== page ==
Information on how to apply for places at HM Revenue & Customs Solicitor’s Office Open Days in June 2018 - London and Manchester
HM Revenue & Customs (HMRC) will host two Open Days in June (one in London and one in Manchester).
The event is for graduates and undergraduates who want to find out more about the work of government lawyers and legal trainees in HMRC.
The Open Day will include:
- an introduction to HMRC Solicitor’s Office and its role in the wider government legal community
- workshops demonstrating the work of litigation and advisory lawyers within HMRC
- panel discussion with legal trainees and qualified lawyers in HMRC
Date and Location
Manchester Open Day - will take place on Monday 18 June 2018 from 12:30pm to 5:00pm.
London Open Day - will take place on Friday 22 June 2018 from 12:30pm to 5:00pm.
Who can apply
To be eligible to apply for a place on the Open Day, you must be:
- a law student currently in the penultimate or final year of your undergraduate degree
- a student of any non-law discipline currently in the final year of your undergraduate degree
- currently studying for the Graduate Diploma in Law (GDL)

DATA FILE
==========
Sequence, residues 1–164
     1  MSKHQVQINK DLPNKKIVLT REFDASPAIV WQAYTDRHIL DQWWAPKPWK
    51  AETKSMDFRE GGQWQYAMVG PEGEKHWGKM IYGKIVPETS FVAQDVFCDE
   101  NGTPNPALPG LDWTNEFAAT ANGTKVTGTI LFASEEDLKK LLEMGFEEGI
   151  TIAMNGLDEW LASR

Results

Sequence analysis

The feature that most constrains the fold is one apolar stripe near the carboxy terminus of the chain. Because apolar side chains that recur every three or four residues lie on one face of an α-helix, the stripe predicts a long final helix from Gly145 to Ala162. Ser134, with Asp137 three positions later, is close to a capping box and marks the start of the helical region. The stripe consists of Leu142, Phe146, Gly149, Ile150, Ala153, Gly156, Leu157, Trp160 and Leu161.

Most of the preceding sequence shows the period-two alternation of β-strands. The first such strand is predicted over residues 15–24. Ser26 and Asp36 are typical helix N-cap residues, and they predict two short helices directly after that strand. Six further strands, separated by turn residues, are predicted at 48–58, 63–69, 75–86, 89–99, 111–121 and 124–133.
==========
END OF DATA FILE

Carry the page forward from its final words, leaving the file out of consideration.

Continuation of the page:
- currently studying for the Bar Professional Training Course (BPTC) or Legal Practice Course (LPC)
- recent law or non-law graduates
How to apply
In no more than 250 words explain why you would like to attend an Open Day at HMRC.
If you have a preference for one of the days please let us know. Along with this paragraph send an email with your name, contact details, university and student status to HMRC Events by 5:00pm on Friday 18 May 2018.
Allocation of places
Your application will be assessed and successful candidates will be invited to attend the Open Day by 29 May 2018.
Unfortunately feedback will not be offered to unsuccessful applicants.
If you have unsuccessfully applied previously please note that this will not be taken into account when assessing your application.
Applications will be assessed according to the motivation demonstrated for attending the Open Day and interest in the work of HMRC and public law more generally.